Two traveling preachers wearing anti-homosexual T-shirts and preaching anti-homosexual sermons withstood jeers from hundreds of students Wednesday afternoon on Wescoe Beach at Kansas University.
The gathering started about 11 a.m. when students walking across campus spotted the two men.
Michael Venyah and Chris Lemieux said they travel across the country and often stop on campuses as part of Soul Winners Ministries International.
At Wescoe Beach, Venyah stood up, held a Bible and shouted various messages condemning homosexuals and people who practice other religions, telling them to "repent of their sins."
"I'm really happy everybody's kind of out here making a mockery of this, which is what it is," said Rob Conard, a freshman from Overland Park.
Conard, who said he was Roman Catholic, at one point stood next to Venyah and criticized him for not preaching a message of "love your neighbor."
Lemieux said he and his preaching partner try to reach "all nonbelievers," and that they often face such opposition. The two made an unannounced visit to KU, he said.
"Because that's one of the sins that people are committing on campuses, and that really divides people on whether they are following Jesus Christ or not," Lemieux said of the pair's anti-homosexual message.
He said Wednesday afternoon that two people on campus told him they supported the message.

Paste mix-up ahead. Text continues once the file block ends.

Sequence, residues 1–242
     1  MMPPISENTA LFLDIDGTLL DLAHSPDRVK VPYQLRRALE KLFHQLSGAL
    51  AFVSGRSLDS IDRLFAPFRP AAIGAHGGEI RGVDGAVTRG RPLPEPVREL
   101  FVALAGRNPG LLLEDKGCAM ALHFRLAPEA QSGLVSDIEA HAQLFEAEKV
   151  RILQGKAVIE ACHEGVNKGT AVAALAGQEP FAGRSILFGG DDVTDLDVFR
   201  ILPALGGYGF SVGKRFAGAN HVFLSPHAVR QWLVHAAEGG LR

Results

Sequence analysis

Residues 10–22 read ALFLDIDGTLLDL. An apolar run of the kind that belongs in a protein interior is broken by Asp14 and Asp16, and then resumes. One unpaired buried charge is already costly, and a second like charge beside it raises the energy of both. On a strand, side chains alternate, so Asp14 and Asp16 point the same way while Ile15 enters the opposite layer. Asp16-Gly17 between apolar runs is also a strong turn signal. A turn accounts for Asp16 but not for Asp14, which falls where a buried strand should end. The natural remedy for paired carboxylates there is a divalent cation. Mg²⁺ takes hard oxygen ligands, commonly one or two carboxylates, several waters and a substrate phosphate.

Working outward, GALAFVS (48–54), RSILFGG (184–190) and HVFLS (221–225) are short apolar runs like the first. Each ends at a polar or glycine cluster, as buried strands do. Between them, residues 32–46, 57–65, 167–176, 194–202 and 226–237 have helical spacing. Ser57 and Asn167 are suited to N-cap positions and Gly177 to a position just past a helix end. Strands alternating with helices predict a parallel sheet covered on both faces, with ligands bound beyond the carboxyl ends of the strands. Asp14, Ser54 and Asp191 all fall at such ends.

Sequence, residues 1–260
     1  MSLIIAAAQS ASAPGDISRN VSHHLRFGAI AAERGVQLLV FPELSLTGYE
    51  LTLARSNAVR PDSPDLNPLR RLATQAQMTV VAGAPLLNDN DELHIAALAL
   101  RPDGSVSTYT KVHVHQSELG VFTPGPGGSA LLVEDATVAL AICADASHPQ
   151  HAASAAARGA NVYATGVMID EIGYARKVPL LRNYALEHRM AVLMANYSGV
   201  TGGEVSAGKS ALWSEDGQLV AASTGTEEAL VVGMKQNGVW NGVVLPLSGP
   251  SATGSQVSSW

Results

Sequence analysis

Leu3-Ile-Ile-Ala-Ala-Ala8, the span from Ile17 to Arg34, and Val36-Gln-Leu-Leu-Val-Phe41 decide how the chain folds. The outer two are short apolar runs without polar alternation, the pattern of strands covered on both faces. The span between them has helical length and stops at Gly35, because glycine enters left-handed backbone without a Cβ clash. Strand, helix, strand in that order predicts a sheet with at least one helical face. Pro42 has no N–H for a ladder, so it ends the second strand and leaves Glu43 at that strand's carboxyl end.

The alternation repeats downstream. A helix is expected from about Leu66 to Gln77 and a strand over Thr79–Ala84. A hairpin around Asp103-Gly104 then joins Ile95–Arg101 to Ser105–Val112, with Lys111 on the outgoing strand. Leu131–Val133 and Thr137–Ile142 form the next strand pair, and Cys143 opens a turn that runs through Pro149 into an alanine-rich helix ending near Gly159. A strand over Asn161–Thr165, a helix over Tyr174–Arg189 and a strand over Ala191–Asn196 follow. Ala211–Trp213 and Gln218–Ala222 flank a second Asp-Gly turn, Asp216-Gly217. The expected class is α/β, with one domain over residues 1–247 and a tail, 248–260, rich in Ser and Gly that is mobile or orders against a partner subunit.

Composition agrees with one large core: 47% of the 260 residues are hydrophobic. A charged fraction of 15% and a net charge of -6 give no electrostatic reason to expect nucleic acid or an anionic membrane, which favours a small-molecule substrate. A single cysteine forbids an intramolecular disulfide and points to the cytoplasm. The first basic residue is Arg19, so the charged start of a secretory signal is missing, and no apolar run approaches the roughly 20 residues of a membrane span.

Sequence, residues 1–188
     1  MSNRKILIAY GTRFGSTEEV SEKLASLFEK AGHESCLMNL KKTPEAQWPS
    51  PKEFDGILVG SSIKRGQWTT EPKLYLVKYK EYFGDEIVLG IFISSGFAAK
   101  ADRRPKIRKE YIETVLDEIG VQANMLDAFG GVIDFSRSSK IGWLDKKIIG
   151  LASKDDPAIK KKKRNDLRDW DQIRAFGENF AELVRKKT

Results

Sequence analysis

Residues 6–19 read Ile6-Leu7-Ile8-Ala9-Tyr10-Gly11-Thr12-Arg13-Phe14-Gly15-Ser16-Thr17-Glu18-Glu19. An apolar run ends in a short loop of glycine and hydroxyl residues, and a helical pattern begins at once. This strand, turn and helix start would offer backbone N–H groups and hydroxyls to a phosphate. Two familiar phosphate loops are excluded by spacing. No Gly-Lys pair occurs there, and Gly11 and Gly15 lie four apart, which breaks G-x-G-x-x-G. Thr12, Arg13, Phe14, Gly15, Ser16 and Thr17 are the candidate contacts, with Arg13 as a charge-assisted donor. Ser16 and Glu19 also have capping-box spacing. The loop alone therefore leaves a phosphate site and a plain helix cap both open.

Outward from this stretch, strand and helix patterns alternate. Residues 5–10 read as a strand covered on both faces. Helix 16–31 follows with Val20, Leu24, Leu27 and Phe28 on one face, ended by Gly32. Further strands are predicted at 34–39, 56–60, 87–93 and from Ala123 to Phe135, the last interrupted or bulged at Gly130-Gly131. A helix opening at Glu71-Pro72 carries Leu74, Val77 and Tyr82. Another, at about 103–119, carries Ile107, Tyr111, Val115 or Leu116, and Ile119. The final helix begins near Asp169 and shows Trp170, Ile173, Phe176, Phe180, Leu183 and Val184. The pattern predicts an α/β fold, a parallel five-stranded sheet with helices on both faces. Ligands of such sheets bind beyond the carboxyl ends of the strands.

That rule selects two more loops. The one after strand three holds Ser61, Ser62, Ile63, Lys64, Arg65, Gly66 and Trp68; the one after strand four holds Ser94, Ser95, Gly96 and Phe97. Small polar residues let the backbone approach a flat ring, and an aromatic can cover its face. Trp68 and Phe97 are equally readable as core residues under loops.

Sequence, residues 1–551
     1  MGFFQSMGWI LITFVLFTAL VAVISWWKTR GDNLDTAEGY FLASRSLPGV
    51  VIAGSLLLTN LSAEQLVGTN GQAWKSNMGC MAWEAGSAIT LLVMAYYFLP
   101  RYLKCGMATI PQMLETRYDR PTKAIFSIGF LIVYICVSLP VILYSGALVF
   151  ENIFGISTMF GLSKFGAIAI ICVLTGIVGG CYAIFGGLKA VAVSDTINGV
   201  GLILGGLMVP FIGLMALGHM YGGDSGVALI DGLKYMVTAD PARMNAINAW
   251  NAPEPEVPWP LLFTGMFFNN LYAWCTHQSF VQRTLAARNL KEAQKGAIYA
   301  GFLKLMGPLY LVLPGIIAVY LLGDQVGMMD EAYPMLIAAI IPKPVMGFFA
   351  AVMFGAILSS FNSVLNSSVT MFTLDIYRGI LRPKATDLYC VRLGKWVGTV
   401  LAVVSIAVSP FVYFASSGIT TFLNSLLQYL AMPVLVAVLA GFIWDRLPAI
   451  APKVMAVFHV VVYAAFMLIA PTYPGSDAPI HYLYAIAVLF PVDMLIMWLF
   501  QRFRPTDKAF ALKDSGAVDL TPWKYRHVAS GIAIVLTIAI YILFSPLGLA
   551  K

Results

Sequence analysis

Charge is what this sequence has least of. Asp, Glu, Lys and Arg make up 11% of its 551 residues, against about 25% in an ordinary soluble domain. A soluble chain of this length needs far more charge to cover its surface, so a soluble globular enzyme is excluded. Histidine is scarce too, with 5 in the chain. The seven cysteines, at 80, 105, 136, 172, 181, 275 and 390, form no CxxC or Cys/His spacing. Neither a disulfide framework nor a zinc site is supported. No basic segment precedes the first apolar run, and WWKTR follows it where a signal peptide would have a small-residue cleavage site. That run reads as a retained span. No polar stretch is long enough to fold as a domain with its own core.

But with most in dissent, a few students held rainbow flags while others shouted to drown out Venyah's message.
"I really don't believe I'm going to hell for being a homosexual. It's just not going to happen," said Brock Horner, a KU freshman from Shawnee. "I'm sorry, but I was made this way for a reason."
According to the ministry's Web site, Soul Winners is based in East Lansing, Mich. They began an eight-month tour to 27 states and 64 campuses in September. Lemieux said they often get donations for their travels.
Lemieux also said he had never heard of the Rev. Fred Phelps Sr. or the Westboro Baptist Church in Topeka. The Westboro group has gained national notoriety for its anti-homosexual picketing at funerals of fallen soldiers and others across the country.
Conard said he believed some KU students were sensitive about the anti-homosexual message Wednesday because Phelps is from Kansas.
Hundreds of students had crowded around the steps to watch and made signs to block Venyah's face from view. At one point, someone threw a condom onto Venyah's shoulder, but he continued.
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"They shouldn't throw things at him because then they are fighting hate with hate," said Chris Thomas, an Overland Park sophomore who said he was gay.
Overall, Thomas called the preachers "sad" and was glad so many students opposed them.
At least three KU Public Safety officers monitored the crowd. Capt. Schuyler Bailey said no one was arrested or injured during the hourslong protest.